The head of US Cyber Command, Gen. Keith Alexander, suggested that the Pentagon is ‘not where we need to be’ in securing networks in Afghanistan against cyberattacks.
WASHINGTON, D.C. – In his first hearing before the House Armed Services Committee, new US Cyber Command head Gen. Keith Alexander offered a troubling window into the threats that Pentagon networks face at the hands of terrorist and criminal syndicates, foreign intelligence organizations, and “hacktivists” intent on infiltrating power grids and financial networks.
These are threats that could hamper the US war effort in Afghanistan. Though the command recently deployed an “expeditionary cybersupport” unit to help to defend US networks in Afghanistan, Alexander on Thursday told the committee: “We’re not where we need to be” in ensuring the security of US military networks there.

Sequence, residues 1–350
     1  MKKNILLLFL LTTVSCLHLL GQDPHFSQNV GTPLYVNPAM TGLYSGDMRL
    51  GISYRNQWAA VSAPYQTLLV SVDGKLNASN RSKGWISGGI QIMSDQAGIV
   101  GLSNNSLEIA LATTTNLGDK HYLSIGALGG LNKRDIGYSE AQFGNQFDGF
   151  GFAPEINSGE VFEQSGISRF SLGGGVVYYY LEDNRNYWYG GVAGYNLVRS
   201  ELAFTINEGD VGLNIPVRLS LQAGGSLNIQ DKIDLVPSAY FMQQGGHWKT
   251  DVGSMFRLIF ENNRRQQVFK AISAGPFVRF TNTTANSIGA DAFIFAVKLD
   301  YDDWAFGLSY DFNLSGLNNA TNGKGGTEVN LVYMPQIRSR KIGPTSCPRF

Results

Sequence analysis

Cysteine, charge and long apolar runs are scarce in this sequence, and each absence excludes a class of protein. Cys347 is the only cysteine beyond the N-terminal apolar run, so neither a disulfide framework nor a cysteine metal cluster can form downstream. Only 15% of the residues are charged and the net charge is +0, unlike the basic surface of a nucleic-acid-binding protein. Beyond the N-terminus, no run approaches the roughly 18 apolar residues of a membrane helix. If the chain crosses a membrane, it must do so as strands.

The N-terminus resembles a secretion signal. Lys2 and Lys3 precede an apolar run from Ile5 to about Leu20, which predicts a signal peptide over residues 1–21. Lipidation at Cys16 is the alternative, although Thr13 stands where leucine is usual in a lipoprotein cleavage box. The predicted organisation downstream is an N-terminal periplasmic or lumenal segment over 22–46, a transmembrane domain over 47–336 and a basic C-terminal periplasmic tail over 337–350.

In the past, cyberattackers have been able to steal key information from the US troops who rely on sophisticated equipment, including data on convoy supply routes, according to senior US officials.
Every hour, there are some 250,000 attempted attacks on Defense Department networks worldwide, Alexander told the committee. Throughout the Department of Defense, there are more than 15,000 different computer networks, including 7 million computers on some 4,000 military installations, committee chairman Rep. Ike Skelton (D) of Missouri pointed out.
“How are we going to defend this network in crisis?” Alexander, for his part, wondered aloud.
That was the question of the day, and Alexander, who also serves as the head of the National Security Agency, candidly admitted that his command continues to struggle for answers.
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Source: Anna Mulrine | The Christian Science Monitor
Photo: Manuel Balce Ceneta | AP